Timo Saloniemi
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Old June 7 2013, 07:19 PM   #35
sbk1234
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Re: Do turbolifts have any sense?

Albertese wrote: View Post
Faria wrote: View Post
MacLeod wrote: View Post
Let's see, what's the difference between having more corridors, and more staircases instead of a turbolift shaft?

Wouldn't a corridor and more corridors and staircase(s) take up space as well?

Your reasoning is non sequitor. You are saying that turbolift shafts take up space, but to replace them by corridors which also take up space.
an imagine is better rhan 1000 words:


You may have misunderstood that drawing... Here's the same trip you tried to plot, using brown for the corridors and blue for the turbolifts. You can see the turbolift is a way more direct route. To go on foot, you have to cut through the Rec Deck! It seems like, at least on this version, the designers are assuming that turbolifts are the primary means of moving around on the ship.




--Alex
Personally, while I have no problem with the idea of turbolifts, I've always felt they were a little excessive with the horizontal shafts, as pictured here. The ships were large, but not THAT large. We weren't talking miles of walking. In my mind they didn't have more than a couple horizontal shafts per deck, and the crew did have to do some walking to get to where they were going. (Emergency situations, and the captain could be given the privilage of shorter walks due to more convenient drop-offs.) As mentioned, the bigggest issue would be the vertical travel.
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Old June 8 2013, 03:53 PM   #36
JarodRussell
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Re: Do turbolifts have any sense?

Turbolifts, like shuttles and beaming, were only created because the show didn't have an infinite budget.

With turbolifts you can have two characters talk while they get from A to B. Without turbolifts they would need to walk through corridors and take stairs and the camera would have to follow them: a lot more expensive, and the result doesn't work as well.
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Old June 19 2013, 01:50 AM   #37
xvicente
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Re: Do turbolifts have any sense?

Albertese wrote: View Post
Faria wrote: View Post
MacLeod wrote: View Post
Let's see, what's the difference between having more corridors, and more staircases instead of a turbolift shaft?

Wouldn't a corridor and more corridors and staircase(s) take up space as well?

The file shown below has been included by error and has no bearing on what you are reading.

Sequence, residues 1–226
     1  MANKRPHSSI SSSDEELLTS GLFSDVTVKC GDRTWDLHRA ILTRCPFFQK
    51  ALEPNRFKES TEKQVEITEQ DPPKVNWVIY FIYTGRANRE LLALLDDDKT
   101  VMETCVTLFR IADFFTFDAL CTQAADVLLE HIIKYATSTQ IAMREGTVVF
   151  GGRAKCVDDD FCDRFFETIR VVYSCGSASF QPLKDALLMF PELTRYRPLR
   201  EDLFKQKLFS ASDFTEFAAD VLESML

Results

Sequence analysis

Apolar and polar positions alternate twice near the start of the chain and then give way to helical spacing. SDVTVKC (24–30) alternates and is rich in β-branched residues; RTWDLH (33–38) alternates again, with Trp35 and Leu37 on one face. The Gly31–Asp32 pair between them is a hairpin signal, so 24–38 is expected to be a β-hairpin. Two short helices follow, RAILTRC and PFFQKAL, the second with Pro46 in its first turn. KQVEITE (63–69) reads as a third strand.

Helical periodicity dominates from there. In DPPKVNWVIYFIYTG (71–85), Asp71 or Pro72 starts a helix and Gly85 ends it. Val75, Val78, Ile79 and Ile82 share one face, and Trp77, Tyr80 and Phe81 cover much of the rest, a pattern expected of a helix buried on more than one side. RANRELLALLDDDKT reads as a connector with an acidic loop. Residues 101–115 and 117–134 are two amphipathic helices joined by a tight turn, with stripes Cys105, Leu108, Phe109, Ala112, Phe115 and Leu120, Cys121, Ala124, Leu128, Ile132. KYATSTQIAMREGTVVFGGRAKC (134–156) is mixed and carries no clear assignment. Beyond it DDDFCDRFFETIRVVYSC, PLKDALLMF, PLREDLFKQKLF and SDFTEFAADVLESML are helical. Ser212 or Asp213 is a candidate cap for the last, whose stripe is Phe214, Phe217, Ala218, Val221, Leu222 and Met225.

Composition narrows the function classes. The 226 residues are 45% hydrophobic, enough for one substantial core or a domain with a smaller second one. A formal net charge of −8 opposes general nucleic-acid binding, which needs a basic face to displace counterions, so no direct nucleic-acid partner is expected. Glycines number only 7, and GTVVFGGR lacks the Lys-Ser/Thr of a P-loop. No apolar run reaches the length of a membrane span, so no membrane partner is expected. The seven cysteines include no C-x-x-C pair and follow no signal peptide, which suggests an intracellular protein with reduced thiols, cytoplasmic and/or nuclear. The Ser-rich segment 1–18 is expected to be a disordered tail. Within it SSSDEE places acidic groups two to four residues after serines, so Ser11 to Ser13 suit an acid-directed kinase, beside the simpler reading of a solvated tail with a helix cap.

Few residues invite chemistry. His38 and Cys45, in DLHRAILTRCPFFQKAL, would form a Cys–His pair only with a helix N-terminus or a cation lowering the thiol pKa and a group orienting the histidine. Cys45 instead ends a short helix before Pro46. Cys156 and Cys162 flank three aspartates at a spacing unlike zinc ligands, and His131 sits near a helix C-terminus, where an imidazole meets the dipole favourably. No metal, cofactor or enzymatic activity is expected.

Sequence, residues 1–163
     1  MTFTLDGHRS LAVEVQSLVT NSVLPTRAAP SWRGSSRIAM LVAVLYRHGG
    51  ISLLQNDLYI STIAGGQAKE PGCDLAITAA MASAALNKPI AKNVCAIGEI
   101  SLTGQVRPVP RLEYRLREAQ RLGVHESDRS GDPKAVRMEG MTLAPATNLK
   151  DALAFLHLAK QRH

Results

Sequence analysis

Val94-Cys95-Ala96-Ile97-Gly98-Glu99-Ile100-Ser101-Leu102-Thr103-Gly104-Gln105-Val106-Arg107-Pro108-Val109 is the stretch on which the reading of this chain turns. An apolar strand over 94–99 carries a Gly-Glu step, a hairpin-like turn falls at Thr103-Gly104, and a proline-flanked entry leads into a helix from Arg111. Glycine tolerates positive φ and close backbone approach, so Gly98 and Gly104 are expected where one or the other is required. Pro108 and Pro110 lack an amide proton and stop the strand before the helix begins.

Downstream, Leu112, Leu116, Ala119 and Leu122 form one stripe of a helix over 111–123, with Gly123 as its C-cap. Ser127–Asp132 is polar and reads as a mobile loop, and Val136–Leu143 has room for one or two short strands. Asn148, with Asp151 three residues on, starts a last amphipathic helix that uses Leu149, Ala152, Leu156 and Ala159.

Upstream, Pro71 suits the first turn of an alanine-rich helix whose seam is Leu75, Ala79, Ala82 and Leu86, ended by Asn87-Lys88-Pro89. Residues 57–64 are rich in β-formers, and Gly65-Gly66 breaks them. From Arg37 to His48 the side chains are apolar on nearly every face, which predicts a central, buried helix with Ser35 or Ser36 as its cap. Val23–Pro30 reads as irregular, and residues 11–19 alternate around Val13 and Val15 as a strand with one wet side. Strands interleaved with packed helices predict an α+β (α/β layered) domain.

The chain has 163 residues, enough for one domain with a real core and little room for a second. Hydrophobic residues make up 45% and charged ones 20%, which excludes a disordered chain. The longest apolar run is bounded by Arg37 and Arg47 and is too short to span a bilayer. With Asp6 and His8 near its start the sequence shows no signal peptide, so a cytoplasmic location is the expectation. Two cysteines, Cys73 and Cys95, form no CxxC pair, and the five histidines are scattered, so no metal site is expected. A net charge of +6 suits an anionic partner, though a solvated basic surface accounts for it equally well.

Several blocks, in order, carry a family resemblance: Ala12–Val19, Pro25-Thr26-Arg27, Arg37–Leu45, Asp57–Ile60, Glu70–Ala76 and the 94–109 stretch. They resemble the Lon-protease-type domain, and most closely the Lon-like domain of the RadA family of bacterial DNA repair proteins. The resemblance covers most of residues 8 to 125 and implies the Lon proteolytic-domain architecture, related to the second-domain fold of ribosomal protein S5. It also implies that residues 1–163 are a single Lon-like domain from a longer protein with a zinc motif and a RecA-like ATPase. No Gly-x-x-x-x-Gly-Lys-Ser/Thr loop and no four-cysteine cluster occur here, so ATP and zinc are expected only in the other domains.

Your reasoning is non sequitor. You are saying that turbolift shafts take up space, but to replace them by corridors which also take up space.
an imagine is better rhan 1000 words:


You may have misunderstood that drawing... Here's the same trip you tried to plot, using brown for the corridors and blue for the turbolifts. You can see the turbolift is a way more direct route. To go on foot, you have to cut through the Rec Deck! It seems like, at least on this version, the designers are assuming that turbolifts are the primary means of moving around on the ship.




--Alex

What's so great about point A that so many people from point B are so keen to get there and what's so great about point B that so many people from point A are so keen to get there?
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Old June 19 2013, 05:35 AM   #38
Crazy Eddie
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Re: Do turbolifts have any sense?

xvicente wrote: View Post
What's so great about point A that so many people from point B are so keen to get there and what's so great about point B that so many people from point A are so keen to get there?
Point A contains Ensign Ricky.
Point B contains a naked Orion girl.
Hallways are too damn slow.
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Old June 20 2013, 02:03 AM   #39
xvicente
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Re: Do turbolifts have any sense?

Crazy Eddie wrote: View Post
xvicente wrote: View Post
What's so great about point A that so many people from point B are so keen to get there and what's so great about point B that so many people from point A are so keen to get there?